For ages, humans have relied on artifacts to convey emotions, experiences, beliefs, and histories. Museums such as the Met in New York are a testament to the enduring power of the physical object across all world cultures. Terra cotta figurines, bronze weapons, gold and inlaid stone jewelry, silk tapestries, and other handicrafts are imbued with meaning both intimately personal and timelessly universal. The narratives change over time, but the impulse to create stories through handmade objects has remained the same.

Until recently.

Over the past couple decades, the idea of employing craft to transmit culture has waned in popularity. Once commonplace “hobbies” such as embroidering, quilting, crocheting, knitting, and woodworking are now viewed as old-fashioned novelties practiced by people called “makers.” Even scrapbooking is becoming a dying art, despite the infusion of commercial support from Martha Stewart and Michael’s arts & crafts stores.

We no longer really make anything — we only collect, consume, and eventually dispose of mass-produced goods. In a sense, we have eliminated craft and storytelling from our modern lives to make room for the activities that keep us going (earning money, staying healthy, etc) and keep us entertained (watching television, listening to music, playing sports, etc). But what we actually do create for ourselves and share with others has taken on a new form and meaning.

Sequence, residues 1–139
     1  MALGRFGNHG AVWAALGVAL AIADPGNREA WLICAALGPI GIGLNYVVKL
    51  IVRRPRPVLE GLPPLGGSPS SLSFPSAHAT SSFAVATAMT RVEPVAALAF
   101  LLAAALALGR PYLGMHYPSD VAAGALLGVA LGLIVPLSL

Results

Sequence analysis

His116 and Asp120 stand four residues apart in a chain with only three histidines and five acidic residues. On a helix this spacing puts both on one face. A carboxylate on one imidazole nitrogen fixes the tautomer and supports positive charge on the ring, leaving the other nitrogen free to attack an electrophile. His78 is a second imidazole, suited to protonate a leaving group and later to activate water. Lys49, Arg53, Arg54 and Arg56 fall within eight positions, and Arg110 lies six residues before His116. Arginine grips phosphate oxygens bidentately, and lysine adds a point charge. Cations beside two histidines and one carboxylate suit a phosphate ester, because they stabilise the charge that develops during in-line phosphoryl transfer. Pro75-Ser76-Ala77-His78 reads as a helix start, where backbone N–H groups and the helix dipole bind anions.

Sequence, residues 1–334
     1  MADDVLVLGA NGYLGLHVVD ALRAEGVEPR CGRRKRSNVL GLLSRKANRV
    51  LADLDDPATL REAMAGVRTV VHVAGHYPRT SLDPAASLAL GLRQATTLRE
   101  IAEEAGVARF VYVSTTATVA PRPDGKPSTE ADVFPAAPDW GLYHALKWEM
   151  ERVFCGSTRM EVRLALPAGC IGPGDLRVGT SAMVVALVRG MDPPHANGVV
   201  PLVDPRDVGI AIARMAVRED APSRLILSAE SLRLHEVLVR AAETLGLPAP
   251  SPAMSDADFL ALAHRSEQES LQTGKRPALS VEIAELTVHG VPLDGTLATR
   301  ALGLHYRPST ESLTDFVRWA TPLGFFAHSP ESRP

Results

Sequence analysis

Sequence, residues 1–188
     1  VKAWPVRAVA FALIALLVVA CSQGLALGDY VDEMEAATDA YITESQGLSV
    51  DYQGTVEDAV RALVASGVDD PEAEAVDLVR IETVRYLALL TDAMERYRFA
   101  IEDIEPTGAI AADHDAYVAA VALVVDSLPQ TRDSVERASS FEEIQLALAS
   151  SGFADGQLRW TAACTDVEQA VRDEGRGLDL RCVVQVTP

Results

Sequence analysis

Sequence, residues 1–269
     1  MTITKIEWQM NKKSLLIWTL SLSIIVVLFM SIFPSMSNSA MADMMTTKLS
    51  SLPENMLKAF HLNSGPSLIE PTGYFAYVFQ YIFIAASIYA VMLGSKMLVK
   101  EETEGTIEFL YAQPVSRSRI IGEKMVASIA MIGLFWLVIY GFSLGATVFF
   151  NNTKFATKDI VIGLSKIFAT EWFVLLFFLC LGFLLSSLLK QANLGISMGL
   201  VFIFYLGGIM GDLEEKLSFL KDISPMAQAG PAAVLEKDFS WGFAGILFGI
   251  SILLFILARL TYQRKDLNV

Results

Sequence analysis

To borrow a concept I heard during a talk between authors James Gleick and John Freeman at Cooper Union, we live in a world of atoms and bits, but with each passing day, we are translating more of our lives into bits while keeping fewer atoms around. Gone are the days of handwritten letters and postcards from far away friends we rediscover in an old shoebox; electronic mail keeps us all in close touch now and saves us from unsightly clutter. Never again will we find pressed flowers and notes tucked in the pages of an old hardcover; digital books and eReaders allow us to carry any book(s) we want anywhere we go without the cumbersome weight of paper. Forget about those mix tapes and mix CD’s from “back in the day”; MP3′s free music from the bounds of such delicate media and still sound crystal clear play after play. And (saddest of all), say goodbye to the wallet-sized photographs of beloved family members with inscriptions on the back; a simple scan or digital photo will preserve your memories for years to come in a super-compact JPEG format.